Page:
Maura Ginty arrived and was in great form after her run, Stephanie arrived and ran way faster than she originally predicted breaking 20 minutes. So after a few photos and post race chat it was time to head home. While walking home I bumped into Grainne Dilleen who has been doing some Parkruns in Marlay lately and enjoyed a great run too. Did you know that in 2013 Grainne ran 3:43 in the Dublin Marathon. She never forgets to tell me that every time I meet her, great memory that girl.

I posted some photo’s to Facebook and got landed with the job of writing this report by Eoin.

Tip: If you want to avoid doing a race report, don’t be the first one to post to FB after the race! Seriously though Eoin is doing an amazing job with the weekly club communications by Email and updating the website so well done him.

So in summary while I expected it to be a fast course I actually think Rathfarnham 5k next Sunday would be a quicker track. It has a better maintained road surface, less twists and turns, long straights with plenty of room, yes it does have one hill but the fast start and finish more than compensate for it.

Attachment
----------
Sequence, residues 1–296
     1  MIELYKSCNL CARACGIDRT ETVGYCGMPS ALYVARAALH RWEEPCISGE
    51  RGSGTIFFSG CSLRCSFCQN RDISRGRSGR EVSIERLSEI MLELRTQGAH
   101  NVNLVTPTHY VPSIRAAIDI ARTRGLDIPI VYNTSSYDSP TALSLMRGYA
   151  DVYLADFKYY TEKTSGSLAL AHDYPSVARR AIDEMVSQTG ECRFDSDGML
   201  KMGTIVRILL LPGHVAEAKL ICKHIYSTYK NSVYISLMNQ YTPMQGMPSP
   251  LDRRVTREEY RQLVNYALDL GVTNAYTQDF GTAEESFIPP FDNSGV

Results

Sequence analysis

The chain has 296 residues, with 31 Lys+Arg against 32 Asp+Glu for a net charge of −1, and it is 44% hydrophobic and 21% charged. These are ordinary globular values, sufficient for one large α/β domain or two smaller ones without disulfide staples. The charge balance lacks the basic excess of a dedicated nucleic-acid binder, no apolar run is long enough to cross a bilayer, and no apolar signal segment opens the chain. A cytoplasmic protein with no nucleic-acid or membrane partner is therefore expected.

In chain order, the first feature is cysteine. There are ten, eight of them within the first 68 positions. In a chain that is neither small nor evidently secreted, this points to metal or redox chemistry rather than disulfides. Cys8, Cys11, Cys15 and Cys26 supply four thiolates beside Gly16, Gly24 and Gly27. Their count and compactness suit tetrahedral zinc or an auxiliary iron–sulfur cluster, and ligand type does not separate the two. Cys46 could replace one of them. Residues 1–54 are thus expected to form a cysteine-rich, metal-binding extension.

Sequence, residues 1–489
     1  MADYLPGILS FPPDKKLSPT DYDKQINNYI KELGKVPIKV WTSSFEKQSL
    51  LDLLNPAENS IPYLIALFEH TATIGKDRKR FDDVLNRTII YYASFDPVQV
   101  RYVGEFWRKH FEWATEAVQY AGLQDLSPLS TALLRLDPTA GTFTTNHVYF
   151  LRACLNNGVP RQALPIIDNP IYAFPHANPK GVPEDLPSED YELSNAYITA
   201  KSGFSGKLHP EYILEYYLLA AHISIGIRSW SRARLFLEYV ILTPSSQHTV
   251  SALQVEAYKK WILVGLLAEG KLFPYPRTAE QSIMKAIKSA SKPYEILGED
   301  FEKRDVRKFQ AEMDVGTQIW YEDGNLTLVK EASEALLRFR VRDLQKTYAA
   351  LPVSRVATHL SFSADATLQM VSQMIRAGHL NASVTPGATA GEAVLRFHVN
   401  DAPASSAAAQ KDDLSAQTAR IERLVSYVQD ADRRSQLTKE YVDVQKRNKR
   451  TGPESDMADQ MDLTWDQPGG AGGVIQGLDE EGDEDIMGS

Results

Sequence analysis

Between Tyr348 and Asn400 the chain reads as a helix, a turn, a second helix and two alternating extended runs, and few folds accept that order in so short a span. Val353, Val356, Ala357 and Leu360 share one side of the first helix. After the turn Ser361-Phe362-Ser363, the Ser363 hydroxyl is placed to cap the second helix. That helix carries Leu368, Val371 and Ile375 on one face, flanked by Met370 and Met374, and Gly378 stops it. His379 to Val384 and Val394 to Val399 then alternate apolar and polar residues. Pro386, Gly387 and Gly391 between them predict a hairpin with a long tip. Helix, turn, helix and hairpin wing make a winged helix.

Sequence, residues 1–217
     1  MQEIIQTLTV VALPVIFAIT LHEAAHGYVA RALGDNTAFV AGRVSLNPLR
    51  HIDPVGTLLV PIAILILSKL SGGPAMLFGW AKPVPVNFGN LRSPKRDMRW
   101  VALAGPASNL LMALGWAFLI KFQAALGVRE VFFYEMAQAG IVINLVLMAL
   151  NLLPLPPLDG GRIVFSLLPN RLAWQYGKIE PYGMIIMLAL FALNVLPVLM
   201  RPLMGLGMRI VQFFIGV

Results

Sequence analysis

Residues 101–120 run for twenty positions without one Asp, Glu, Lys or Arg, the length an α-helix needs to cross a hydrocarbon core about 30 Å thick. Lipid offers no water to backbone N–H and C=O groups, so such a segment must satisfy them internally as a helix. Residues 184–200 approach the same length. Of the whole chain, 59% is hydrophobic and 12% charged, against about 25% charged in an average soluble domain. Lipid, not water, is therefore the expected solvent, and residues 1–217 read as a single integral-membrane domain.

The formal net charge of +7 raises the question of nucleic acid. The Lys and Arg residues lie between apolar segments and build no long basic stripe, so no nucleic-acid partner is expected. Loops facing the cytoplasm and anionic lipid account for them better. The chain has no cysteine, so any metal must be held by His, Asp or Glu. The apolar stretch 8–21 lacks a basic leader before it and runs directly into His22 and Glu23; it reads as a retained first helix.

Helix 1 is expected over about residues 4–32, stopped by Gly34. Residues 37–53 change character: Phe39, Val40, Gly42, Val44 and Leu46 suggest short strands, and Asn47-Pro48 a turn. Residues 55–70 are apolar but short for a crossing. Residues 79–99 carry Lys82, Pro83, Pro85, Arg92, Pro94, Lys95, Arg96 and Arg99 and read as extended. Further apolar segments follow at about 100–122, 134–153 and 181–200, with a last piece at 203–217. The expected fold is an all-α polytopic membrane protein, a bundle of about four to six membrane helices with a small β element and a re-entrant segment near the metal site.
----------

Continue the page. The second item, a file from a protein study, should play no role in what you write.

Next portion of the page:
I haven’t run since the Grant Thronton as have been laid low with a cold (could be Ebola, who knows) and am typing this in bed drinking Lemsip waiting for the All Ireland final between Mayo and Dublin to come on but hope to be back running by next weekend. When someone else can write the Rathfarnham race report which will be far more challenging as half the club is running that one and Eoin will be expecting 2,900+ words from you too whoever you are!

In closing I will leave you with the lessons I learned Tuesday night.

  1. Your shorts lads, less is more, a big hit with the ladies